18 April 2014

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The War On EMV - part 2

25 December 2013  |  2805 views  |  0

OMG ... it is Christmas Eve and we have another charlatan's friend EMV 'expert' claiming that EMV is not the answer to Target data breach in the following article

http://pciguru.wordpress.com/2013/12/21/emv-and-the-target-breach/

Well let me tell you again ... EMV IS THE ANSWER as much as 'experts' such as these claim otherwise. It has NOTHING TO DO WITH ENCRYPTION of card data (although this doesn't hurt of course). It has EVERYTHING TO DO WITH DYNAMIC CARD AUTHENTICATION as part of the EMV compliant transaction processing.

YES of course, and unfortunately, the EMV compliant cards and mobile phones (ones having NFC capability) would still provide the card number, expiry date and CVV in CLEAR to the EMV compliant terminals, and therefore ultimately to the merchant systems. Those card data can be stollen if the merchant isn't taking care of them. That's all true. But if this card data is made effectively useless then it simply would not matter.

To refresh our collective EMV knowledge here is the simple fact - the transaction between EMV compliant card and the EMV compliant and certified POS terminal / ATM could be approved (and consumer account charged) ONLY AFTER either

1. in offline transaction - the EMV compliant terminal / ATM fully authenticates the card by verifying dynamic data authentication (DDA) / combined dynamic authentication (CDA) cryptogram, provided by the card, which is unique for each transaction, OR

2. in online transaction - the card issuer system fully authenticates the card by checking dynamic ARQC cryptogram, provided by the card, which is unique for each transaction ...

This all means that the EMV compliant cards MUST ALWAYS FIRST PROVE to the EMV terminal (offline case) or card issuer system (online case) that they are 100% authentic cards, which are issued by the certain bank, BEFORE transaction can proceed and eventually be aproved.

The EMV cards produce these dynamic authentication cryptograms by using secret keys unique for each card, which are injected into them during the card personalization process by the card issuers.

No EMV cards can be cloned and replicated, unless the thief also knows those secret keys - and they are imposible to get by simply reading the card data. On the other hand magnetic stripe cards DO NOT need to (because they simply can't) authenticate themselves to the POS terminals or card issuer systems and they can be cloned and replicated very easily (because they are just storing STATIC card data, without ability to produce any dynamic authentication cryptogram).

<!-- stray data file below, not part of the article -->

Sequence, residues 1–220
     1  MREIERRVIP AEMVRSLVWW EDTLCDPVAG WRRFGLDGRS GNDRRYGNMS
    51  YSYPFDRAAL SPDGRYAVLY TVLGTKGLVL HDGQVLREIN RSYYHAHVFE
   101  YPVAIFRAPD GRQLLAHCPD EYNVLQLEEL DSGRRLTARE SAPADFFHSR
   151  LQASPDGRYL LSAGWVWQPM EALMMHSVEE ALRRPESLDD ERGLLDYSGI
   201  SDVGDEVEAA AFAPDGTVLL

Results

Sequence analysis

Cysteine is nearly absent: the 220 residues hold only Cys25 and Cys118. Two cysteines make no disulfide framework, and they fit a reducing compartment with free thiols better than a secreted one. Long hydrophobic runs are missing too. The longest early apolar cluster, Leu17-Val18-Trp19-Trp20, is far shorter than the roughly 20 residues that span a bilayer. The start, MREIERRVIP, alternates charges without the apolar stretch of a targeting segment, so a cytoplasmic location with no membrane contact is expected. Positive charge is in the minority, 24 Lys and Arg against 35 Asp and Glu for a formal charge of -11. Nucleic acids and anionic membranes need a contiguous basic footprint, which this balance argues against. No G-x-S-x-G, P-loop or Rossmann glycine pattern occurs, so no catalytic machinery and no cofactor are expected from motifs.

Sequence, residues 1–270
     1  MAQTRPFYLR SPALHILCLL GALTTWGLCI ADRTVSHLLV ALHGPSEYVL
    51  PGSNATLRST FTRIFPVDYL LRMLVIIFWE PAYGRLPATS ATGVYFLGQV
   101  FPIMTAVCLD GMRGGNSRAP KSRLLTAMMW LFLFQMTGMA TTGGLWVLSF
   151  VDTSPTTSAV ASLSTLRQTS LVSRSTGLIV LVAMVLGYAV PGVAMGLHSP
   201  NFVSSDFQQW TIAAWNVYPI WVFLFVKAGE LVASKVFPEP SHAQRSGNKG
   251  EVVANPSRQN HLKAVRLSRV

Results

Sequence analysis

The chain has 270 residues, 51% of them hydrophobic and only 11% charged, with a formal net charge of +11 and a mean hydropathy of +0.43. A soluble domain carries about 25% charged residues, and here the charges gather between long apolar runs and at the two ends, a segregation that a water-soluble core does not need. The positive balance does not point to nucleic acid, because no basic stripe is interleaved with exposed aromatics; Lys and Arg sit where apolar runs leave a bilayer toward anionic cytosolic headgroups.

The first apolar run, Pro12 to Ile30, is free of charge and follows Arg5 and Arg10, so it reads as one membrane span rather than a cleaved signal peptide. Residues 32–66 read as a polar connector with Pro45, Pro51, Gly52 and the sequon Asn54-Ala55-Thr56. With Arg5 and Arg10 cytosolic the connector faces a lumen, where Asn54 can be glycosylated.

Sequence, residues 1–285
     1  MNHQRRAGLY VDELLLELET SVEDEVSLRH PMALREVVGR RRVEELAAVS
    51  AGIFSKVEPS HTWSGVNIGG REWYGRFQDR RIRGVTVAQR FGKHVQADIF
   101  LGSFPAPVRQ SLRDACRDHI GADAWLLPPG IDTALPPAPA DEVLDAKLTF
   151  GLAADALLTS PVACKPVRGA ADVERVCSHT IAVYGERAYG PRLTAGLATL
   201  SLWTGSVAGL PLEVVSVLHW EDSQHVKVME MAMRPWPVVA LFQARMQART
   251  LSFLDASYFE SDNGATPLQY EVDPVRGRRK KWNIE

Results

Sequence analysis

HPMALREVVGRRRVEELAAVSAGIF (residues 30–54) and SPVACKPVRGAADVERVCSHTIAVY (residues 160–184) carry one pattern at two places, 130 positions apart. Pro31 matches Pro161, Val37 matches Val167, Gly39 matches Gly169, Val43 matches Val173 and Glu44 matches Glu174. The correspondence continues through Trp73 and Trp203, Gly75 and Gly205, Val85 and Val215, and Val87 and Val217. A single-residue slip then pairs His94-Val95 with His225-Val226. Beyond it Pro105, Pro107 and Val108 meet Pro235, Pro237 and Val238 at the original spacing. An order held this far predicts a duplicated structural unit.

Realize the BIG DIFFERENCE NOW?

The only 2 reasons why it still matters when these hacker 'bad guys' steal card data from careless merchant's systems is because

1. US is still using and relying on mag stripe cards for proximity payments across the board - in merchant stores and in ATMs

2. the stollen card data could be used in online internet payments which are not protected by 3-D Secure consumer authentication

Risk #1 CAN BE FULLY ELIMINATED by US switching completelly to EMV technology. Then every card would have to be properly authenticated by verifying the card's dynamic cryptogram on every merchant POS terminals or every ATM machine, before the transaction can be approved.

Risk #2 can be eliminated in many ways - 3-D Secure, etc, ...

Basically if EMV cards were used everywhere and if magnetic stripe technology is completely eliminated (phased out) then stollen card data would not matter at all anymore to anybody. Nobody will be able to clone the EMV card by using card number, expiry date and cvv value and use it on ATM or merchant POS terminal.

Now all of you 'experts' ... can you please STOP spreading NONSENSE anymore ... once and for all ... PLEASE.

Let us hope that year 2014 may bring some sense into the payment industry.

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